OAKLAND -- The A's suffered their second loss on Friday. But the majority of those in attendance for the home opener aren't going to remember this particular game for what the final box score said -- not after what they saw in the fourth inning.
The moment itself lasted mere seconds. But Yoenis Cespedes' first home run in the Coliseum -- an absolutely colossal two-run shot to center field, measured by ESPN at 462 feet -- will be talked about for much longer. Hundreds of home runs have surely surpassed that mark -- Cespedes even said he's hit longer ones in Cuba. But A's fans aren't so accustomed to the long, long ball in the confines of their spacious abode.
Some, then, would consider Oakland's 7-3 loss to the Mariners a side note to the Cespedes Show. For the game itself -- an affair characterized by a messy defensive scene -- wasn't pretty. Cespedes' homer was.
"Hopefully, they can get used to it," said Jonny Gomes.
Gomes was on base at the time, having reached on a walk issued by Seattle lefty Jason Vargas. With two outs, Cespedes approached the plate for his second at-bat of the night, following a flyout to right field in the first. He took a called strike, then two balls. And before most eyes could recognize the next pitch, Cespedes had sent it above the center-field luxury boxes.
"Fastball, in the middle," he said through translator Ariel Prieto.
"He was leaning out there and hit it pretty hard," Vargas said. "I didn't see where it went. But on the replay, it looked like it went pretty far."
Cespedes, like the sold-out crowd of 35,067, just watched the ball sail. In fact, Cespedes may have watched it a little too long. Afterward, he noted it's probably not an act he should repeat again. But, soon enough, he gradually made his way around the bases, his home-run trot seemingly mastered.
"They all pretty much make the same sound. So when he hits one, there's usually no doubt about it," manager Bob Melvin said. "It doesn't matter, really, the ballpark or where it's at."
It marked his second long ball in just three big league games, a feat not accomplished by any other player in A's history. If Cespedes keeps up his pace, he may find himself batting third or fourth, rather than in one of the three slots that follow, sooner than he thought.
As the A's learned, though, such an impact bat can't always impact the final score. And a visibly disappointed Melvin was not interested in dwelling on the home run.
"The whole game was very disappointing for me," Melvin said. "We really wanted to put on a good show tonight. We don't get too many good crowds like that. And on Opening Night, you want to make a good first impression. We didn't play [nearly] as well as we should."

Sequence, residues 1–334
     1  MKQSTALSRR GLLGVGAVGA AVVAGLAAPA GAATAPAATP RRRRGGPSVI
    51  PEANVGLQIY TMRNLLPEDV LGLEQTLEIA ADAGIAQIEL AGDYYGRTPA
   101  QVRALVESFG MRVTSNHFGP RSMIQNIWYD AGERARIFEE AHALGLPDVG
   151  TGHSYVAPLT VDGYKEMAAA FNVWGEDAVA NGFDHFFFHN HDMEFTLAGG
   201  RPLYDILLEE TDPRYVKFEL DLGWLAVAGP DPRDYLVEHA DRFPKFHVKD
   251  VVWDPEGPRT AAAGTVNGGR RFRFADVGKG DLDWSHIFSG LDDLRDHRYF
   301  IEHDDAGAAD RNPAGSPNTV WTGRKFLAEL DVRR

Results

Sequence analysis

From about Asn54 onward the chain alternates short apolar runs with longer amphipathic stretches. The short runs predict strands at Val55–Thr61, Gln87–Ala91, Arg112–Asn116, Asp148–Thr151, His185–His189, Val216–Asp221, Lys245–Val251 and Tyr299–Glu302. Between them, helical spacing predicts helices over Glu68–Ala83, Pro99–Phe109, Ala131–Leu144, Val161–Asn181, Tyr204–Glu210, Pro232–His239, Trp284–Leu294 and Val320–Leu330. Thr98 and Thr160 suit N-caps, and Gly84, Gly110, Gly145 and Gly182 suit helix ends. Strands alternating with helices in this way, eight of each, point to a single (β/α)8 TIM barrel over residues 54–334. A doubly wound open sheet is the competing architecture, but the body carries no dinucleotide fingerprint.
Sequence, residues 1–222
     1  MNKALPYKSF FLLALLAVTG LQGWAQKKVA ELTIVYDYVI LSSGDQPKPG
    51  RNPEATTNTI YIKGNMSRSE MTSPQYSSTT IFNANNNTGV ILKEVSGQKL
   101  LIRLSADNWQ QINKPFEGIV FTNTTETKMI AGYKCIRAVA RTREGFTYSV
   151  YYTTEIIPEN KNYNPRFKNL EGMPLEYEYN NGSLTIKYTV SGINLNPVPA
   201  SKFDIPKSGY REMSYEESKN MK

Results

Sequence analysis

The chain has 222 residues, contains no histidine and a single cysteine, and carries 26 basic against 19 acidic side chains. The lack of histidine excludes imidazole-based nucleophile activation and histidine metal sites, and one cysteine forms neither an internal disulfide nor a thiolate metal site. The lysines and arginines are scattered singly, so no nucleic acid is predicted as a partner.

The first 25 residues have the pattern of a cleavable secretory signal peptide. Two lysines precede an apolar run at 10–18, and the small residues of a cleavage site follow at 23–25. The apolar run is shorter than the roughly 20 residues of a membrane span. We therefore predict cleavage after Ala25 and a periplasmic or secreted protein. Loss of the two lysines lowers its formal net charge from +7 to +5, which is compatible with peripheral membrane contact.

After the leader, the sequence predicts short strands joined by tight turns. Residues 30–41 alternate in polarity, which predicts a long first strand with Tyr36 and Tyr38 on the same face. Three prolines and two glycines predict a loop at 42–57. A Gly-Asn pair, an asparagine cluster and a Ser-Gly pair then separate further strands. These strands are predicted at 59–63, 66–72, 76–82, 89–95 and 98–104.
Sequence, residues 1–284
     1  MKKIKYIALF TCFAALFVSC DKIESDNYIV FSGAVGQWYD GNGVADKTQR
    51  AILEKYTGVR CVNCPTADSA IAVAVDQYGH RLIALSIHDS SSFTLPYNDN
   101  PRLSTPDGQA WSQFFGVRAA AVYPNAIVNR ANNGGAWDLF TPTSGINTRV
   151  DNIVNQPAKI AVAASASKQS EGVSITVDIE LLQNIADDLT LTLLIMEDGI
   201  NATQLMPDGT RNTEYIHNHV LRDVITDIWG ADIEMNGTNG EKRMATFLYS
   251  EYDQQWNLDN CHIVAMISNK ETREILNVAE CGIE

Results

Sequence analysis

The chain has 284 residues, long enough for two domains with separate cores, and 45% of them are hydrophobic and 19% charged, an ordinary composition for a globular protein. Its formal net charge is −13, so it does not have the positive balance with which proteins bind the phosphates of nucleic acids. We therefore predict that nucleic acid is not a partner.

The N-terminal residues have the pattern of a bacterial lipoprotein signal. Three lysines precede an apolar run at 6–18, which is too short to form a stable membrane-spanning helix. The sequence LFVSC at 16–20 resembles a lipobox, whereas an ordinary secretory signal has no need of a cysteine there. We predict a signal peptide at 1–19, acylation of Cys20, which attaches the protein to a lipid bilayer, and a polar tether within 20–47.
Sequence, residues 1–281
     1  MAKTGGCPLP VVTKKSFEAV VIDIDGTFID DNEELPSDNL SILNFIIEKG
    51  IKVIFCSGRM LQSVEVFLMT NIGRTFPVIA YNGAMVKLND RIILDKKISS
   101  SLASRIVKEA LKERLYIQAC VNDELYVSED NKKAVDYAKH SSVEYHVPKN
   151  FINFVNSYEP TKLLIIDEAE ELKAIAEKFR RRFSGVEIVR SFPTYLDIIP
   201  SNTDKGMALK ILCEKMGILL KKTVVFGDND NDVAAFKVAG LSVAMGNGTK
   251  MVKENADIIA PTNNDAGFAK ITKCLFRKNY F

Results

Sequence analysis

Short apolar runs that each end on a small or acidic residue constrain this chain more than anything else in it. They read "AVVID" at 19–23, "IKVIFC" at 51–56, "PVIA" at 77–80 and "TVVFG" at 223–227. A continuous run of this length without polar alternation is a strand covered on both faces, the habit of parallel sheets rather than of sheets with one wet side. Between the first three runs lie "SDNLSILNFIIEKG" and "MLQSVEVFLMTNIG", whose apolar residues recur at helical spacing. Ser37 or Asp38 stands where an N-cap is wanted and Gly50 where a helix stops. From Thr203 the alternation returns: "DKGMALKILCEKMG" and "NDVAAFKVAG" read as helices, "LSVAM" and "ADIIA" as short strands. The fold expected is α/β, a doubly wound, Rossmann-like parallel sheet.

And right-hander Brandon McCarthy didn't exactly enjoy a repeat performance of his one-run outing against the Mariners a week earlier. A four-run third plagued the A's No. 1 starter, who exited the lengthy inning with 59 pitches already in the books.
Brendan Ryan doubled to lead off the frame, and when a pesky Chone Figgins -- he went 3-for-4 from the leadoff spot -- bunted up the third-base line, A's third baseman-in-training Josh Donaldson's throw to first hit Figgins in the back. An ensuing base hit by Dustin Ackley and a walk to Ichiro Suzuki loaded the bases and McCarthy, who proceeded to tally two outs while letting just one run score, appeared close to exiting the jam. He subsequently surrendered a two-run single to Kyle Seager to put the Mariners ahead, 4-0.
"It was bad, about as bad as it's been in a long time," McCarthy said. "Just very little feel, kind of the complete opposite of how I felt in Tokyo. I felt very sharp there, could execute mostly everything I wanted to do. Tonight, [it] just wasn't the case. For some reason, I just lost all feel for anything I was trying to do. The first two innings felt sharp. Things just kind of sped up in the third, and I couldn't really get it back."
The A's right-hander, coming off a seven-inning performance, lasted just five this time, giving up five runs (two earned) on seven hits with two walks and three strikeouts on 95 pitches along the way. McCarthy, a perfectionist of sorts, will have to be as close to that this season while pitching for a mostly unproven offense.
Seth Smith tallied the only other RBI for the A's in the bottom of the eighth, a one-out single that plated Jemile Weeks. But that was all the team that compiled baseball's third-best spring record could manage.
"We have a lot of young guys, a lot of guys who haven't played together before," said Melvin. "And we're continually trying to move on in the process of playing together as a team. We got off to a good start in Spring Training, but tonight was not a good game for us."
But a memorable one, no doubt, for fans meeting Cespedes for the first time.
"He'll hit 'em further than that," Melvin assured.